OAKWOOD — For the third time in 17 months, a wind turbine blade manufactured by General Electric has broken off at an East Central Illinois wind farm. The latest incident occurred about 9 p.m. Nov. 20 in Vermilion County at the California Ridge Wind Farm operated by Chicago-based Invenergy. Another turbine blade broke in that same wind farm in November 2012, following a June 2012 blade break at the Settlers Trail Wind Farm near Sheldon, operated by Chicago-based E.On Climate & Renewables.

All three blades were on 1.6-megawatt turbines manufactured by GE. “We are working with GE, the turbine manufacturer, to determine the cause of this incident,” a statement from Invenergy said Friday. Last March, GE issued a statement saying that an “isolated manufacturing issue” caused the two wind turbines to break in 2012. GE said it had “reviewed the wind farm fleets at both sites to ensure their continued reliability and performance” and “have addressed the manufacturing issue to prevent this from happening in the future.”

GE officials did not immediately return a call requesting comment on the latest incident. Invenergy said the blade broke off and fell to the ground near the base of the turbine, which is located near the intersection of 2150 North Road and 900 East Road near Oakwood. Read article

Voluntary compliance requested

C-K airportBy Bob Boughner, Chatham Daily News
It appears Transport Canada hasn’t issued an official order to GDF SUEZ Canada to remove eight turbines south of the Chatham-Kent Municipal Airport. The company recently contacted The Chatham Daily News to state it has not received an “order” from Transport Canada. According to the latest response to The Chatham Daily News from Transport Canada, the agency is requesting “voluntary compliance” with the regulations and will work with the company to set a practical deadline. No decision has been made on a date.

At the same time, the response reads: “Transport Canada requires the lowering or removal of the eight wind turbines that were constructed in the area protected under the Chatham Airport zoning regulations.” David Timm, GDF SUEZ Canada vice-president, told The Daily News on Wednesday: “We’re in discussions with Transport Canada on the matter and the other agencies that have jurisdiction over the issue.” He said those discussions will continue, adding he can’t get into the specifics of the discussions “because of the sensitivity of the issue.” Read article

Wind Turbines in Chatham Kent: Too Many , Too Close

Chatham Kent International Power GDF Suez project

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Images of International Power/GDF Suez’s massive wind turbines in Chatham-Kent

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Wind Turbine Video: Too Close

No decision on date to remove turbines

C-K airportLondon Free Press
Transport Canada officials will work with a wind turbine company to set a practical deadline for the removal of eight turbines south of the Chatham-Kent Municipal Airport. Brooke Williams, a spokesperson for Transport Canada, told The Daily News Monday no decision has been made on a date.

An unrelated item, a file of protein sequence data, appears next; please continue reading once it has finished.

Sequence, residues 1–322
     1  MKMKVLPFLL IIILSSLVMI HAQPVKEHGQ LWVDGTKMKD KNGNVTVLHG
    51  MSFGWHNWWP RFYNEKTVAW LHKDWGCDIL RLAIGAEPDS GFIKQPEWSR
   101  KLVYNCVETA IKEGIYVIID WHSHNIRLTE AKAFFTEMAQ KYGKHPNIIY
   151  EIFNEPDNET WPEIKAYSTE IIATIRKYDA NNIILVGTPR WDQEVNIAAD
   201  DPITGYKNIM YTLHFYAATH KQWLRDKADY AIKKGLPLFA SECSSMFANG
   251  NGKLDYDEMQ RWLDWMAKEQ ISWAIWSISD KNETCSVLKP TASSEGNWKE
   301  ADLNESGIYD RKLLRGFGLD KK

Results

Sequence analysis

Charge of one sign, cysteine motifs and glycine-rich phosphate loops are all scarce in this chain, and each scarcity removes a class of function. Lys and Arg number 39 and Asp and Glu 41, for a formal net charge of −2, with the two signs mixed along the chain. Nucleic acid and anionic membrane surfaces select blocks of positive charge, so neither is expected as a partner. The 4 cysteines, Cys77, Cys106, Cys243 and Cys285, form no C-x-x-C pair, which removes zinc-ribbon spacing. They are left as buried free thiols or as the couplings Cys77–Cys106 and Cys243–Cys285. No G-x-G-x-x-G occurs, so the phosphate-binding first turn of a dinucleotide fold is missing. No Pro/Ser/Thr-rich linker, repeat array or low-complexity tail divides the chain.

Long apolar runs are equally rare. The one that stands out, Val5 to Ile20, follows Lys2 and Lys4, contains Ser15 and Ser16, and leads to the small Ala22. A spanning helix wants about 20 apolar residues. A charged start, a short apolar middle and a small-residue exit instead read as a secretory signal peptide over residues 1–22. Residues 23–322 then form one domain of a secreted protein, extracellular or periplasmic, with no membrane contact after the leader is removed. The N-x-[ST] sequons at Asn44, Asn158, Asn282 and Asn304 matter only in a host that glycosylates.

She did say that on at least two occasions prior to installation of the wind turbines, Transport Canada advised the wind farm representatives that height restrictions were in effect in the area around the airport. The Daily News learned in June that Transport Canada was enforcing safety rules and requires the removal of eight wind turbines that are impeding height restrictions imposed by the airport zoning regulations.

Dave Timm, vice-president of GDF Suez Canada Inc., claims the company complied with all the rules and regulations regarding the placement of turbines near the airport. Timm said his company is asking for a meeting with Transport Canada officials to discuss the matter. Read article

C-K council helping keep turbines away from leaseholder homes

Read Planning Services Report from Storey Samways Planning Ltd.

Ridgetown Independent News:natvik 001

Pilots sounded alarm about turbines

C-K airportLondon Free Press
A long-time Chatham pilot says everyone involved was made aware of concerns about erecting wind turbines around the Chatham-Kent Municipal Airport. Jeff Pyefinch, who has been a pilot since 1984, said local pilots voiced their opposition to having turbines built near the airport when the project was in the initial stages during a meeting with interested parties nearly 10 years ago. “We had concerns with it the right from the start,” he said on Saturday.

On Friday, The Chatham Daily News reported that, in an unprecedented move, Transport Canada has ordered the removal of eight wind turbines near the municipal airport for exceeding height restrictions. A company official with GDF Suez Canada – owners of the turbines – told The Daily News on Friday, it hasn’t been contacted by the federal agency about this order. Pyefinch recalled that when these turbines were proposed, “the municipality was very pro-turbine. They wanted to position the municipality as a leader for wind turbines.”

He believes political motivation may have caused the municipality to not seek the protection of the airport, to the extent that was available to them, to prevent turbines from being located nearby. Pyefinch said it was clear the turbines would be within the four-kilometre protected radius around the airport, which is a federal airport zoning regulation. Read article